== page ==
by Elizabeth Hunter on April 27, 2010 at 8:32pm i
*Note: I am not a Veterinarian, this is only 11 years of experience I've had from being around various skin conditions with dogs*
First off with any skin condition, it is best to go minimal to no steroid shots, there are many long-term side effects that are not worth the temporary relief they bring, if you do resort to steroids, make sure you space them out as much as you can or only do this once. If the dermatitis is caused by fleas, ticks or any other biting pest, your main job is going to be making sure no more fleas or ticks come in contact with the infected dog, one bite could seriously exacerbate the problem, you'll want to keep and eye on the dog to make sure the chewing does not become habitual, if it does the dog could expose itself to a condition called lick granuloma, a serious condition in which the dog can actually create a large wound that requires Veterinary care. If you can monitor your dog, and you notice them chewing, give them something else to chew on, a good distraction sometimes helps them to forget the "hot spot" and let it heal, if they can't seem to leave it alone, an e-collar,or an over-the-counter drug like benadryl, may be necessary for a little while until it becomes less itchy and bothersome . Now remember, every dog is different, what works for one may not work for another, for instance, if your Vet recommends a certain shampoo and you follow the directions exactly, and it doesn't seem to be working, it doesn't mean that your dogs problem is untreatable, it means that it's not the right remedy for your dogs skin. For some dogs it is crucial that they get a bath every week to soothe and calm the skin, for others that may be too much and dry out the skin making it more itchy uncomfortable, you might have to switch to every other week or so. This may take some time to figure out, but the pay off is long term so it's worth it.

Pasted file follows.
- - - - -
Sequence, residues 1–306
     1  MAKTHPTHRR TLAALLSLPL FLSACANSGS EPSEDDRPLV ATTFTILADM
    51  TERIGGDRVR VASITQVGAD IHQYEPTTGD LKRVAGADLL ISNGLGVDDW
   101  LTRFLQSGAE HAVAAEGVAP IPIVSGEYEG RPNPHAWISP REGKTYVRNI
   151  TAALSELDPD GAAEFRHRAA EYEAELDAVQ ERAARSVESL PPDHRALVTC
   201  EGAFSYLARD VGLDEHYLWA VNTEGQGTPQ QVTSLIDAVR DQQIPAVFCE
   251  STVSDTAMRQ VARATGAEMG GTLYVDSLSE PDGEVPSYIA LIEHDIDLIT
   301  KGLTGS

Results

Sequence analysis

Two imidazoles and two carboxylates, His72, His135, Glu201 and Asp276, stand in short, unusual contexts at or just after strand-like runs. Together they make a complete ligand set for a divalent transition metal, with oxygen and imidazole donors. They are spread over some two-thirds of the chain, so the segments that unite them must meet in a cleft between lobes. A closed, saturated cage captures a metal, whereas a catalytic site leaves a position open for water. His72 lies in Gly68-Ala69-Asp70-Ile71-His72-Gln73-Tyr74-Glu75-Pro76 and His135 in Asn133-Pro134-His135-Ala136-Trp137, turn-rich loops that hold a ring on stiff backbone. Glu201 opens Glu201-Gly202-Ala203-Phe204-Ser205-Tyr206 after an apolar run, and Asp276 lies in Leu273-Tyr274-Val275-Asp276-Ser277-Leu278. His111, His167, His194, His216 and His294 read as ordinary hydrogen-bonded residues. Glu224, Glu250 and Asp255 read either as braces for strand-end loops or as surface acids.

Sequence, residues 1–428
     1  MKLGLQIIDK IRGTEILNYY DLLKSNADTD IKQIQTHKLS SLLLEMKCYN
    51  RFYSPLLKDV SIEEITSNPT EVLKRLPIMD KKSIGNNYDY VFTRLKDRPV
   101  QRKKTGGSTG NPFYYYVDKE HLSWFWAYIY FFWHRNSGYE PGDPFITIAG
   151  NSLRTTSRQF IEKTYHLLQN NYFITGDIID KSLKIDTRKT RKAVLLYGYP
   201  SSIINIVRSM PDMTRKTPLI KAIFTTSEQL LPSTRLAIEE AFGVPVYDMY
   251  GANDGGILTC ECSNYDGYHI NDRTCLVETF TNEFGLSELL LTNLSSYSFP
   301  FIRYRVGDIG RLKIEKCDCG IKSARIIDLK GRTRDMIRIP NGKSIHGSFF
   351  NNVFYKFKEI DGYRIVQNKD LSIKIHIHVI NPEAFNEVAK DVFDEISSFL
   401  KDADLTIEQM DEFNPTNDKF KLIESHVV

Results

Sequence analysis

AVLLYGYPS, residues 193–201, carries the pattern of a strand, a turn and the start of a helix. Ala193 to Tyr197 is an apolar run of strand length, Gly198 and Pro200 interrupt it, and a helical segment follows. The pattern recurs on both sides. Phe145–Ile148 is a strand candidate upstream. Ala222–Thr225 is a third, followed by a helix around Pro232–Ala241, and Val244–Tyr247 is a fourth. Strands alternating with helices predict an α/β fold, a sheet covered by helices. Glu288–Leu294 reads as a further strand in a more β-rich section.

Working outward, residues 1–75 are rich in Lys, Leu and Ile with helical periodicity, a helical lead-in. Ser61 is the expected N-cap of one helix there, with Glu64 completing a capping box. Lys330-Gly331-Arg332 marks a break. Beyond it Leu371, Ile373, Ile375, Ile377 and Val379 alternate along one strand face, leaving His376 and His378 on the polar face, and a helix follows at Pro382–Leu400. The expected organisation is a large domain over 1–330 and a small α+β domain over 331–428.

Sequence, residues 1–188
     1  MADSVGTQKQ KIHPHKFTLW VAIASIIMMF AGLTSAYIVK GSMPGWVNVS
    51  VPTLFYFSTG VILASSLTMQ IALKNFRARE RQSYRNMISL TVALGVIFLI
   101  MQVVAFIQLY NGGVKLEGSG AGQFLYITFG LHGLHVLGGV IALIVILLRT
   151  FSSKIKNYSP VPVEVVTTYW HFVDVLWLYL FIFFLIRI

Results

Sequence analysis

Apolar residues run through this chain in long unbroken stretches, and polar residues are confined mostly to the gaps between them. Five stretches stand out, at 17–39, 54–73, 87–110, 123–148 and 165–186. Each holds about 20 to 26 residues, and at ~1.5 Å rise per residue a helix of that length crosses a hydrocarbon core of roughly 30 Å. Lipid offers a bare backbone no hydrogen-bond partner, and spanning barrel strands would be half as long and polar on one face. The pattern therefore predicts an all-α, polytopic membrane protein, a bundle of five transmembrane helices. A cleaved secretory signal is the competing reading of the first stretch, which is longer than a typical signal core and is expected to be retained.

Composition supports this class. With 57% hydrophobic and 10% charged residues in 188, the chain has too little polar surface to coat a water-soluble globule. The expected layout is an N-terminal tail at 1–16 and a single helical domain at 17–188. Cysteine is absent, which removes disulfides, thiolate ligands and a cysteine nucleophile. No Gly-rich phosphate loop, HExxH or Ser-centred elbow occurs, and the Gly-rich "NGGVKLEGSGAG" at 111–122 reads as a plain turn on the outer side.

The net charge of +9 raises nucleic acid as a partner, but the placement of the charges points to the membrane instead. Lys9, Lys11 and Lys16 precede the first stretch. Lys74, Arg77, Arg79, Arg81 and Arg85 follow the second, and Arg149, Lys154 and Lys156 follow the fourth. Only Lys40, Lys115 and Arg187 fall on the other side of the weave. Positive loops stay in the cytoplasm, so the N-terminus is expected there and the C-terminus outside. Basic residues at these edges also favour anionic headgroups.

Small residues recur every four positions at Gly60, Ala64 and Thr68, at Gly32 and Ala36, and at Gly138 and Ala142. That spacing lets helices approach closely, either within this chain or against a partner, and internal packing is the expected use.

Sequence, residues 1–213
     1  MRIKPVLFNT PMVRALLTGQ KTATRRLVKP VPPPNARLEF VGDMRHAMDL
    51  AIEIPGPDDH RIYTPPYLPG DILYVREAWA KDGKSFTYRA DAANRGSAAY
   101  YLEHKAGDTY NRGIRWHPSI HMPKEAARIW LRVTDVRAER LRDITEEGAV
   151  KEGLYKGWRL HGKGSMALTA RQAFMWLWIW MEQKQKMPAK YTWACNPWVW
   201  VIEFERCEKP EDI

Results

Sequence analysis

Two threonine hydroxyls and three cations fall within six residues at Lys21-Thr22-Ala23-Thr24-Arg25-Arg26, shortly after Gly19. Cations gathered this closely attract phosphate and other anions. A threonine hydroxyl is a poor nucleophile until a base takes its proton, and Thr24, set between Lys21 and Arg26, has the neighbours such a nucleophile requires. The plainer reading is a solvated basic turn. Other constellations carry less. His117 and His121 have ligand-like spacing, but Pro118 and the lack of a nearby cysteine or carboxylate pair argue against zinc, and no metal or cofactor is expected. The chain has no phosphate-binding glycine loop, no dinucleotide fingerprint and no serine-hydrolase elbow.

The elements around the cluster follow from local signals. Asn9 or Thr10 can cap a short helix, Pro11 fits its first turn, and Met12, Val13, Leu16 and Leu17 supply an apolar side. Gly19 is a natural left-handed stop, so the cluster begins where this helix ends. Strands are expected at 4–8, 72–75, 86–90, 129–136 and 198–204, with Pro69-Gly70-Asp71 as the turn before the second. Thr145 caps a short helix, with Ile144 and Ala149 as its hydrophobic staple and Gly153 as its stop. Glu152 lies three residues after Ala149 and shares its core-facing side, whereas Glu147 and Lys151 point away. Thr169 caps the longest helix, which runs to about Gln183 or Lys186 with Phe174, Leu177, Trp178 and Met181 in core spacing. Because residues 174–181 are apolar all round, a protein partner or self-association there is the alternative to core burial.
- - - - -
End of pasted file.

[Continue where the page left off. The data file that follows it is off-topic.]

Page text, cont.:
As far as shampoos, we here at the shop use many different products, but we tend to stick to Tropiclean, and Groomers Edge, whatever you choose, look for the natural, organic or soap-free varieties, these tend to work faster and last longer then generic, and they are much better for repeated use on your dogs skin. Make sure the dog doesn't have any underlying food or other allergies as well, this will be important information when your trying different shampoos etc;. A good idea is to feed your dog all natural or organic food and use a supplement that targets skin and hair coat health and growth, this will boost the growth of the hair and help the skin to heal while you are working to correct the issue. When trying different shampoos give your dog at least a week to see if the skin is improving or not. This may take some trial and error, but once you discover what works for the dog, you can both rest easy that you can keep things under control.
Reply by Adrianne Matzkin on April 30, 2010 at 11:19pm
Thank you so much Elizabeth!! For those who do not know, Elizabeth adopted Zeke, the gorgeous Doodle we pulled from a shelter in Naples, FL. He was chewing on his tush and the hair from his ribs to his tail was very thin and sparse. I saw pictures of Zeke after a month of Elizabeth's care and the transformation is incredible!! His coat is growing in thick and soft; he stopped chewing his tush and the hunks of skin that was just sloughing off has stopped. Amazing what love, good food and great grooming can do!
Thanks Elizabeth - for the info and loving Zeke the way you do!
Elizabeth and her Mom own a grooming salon in the Keys.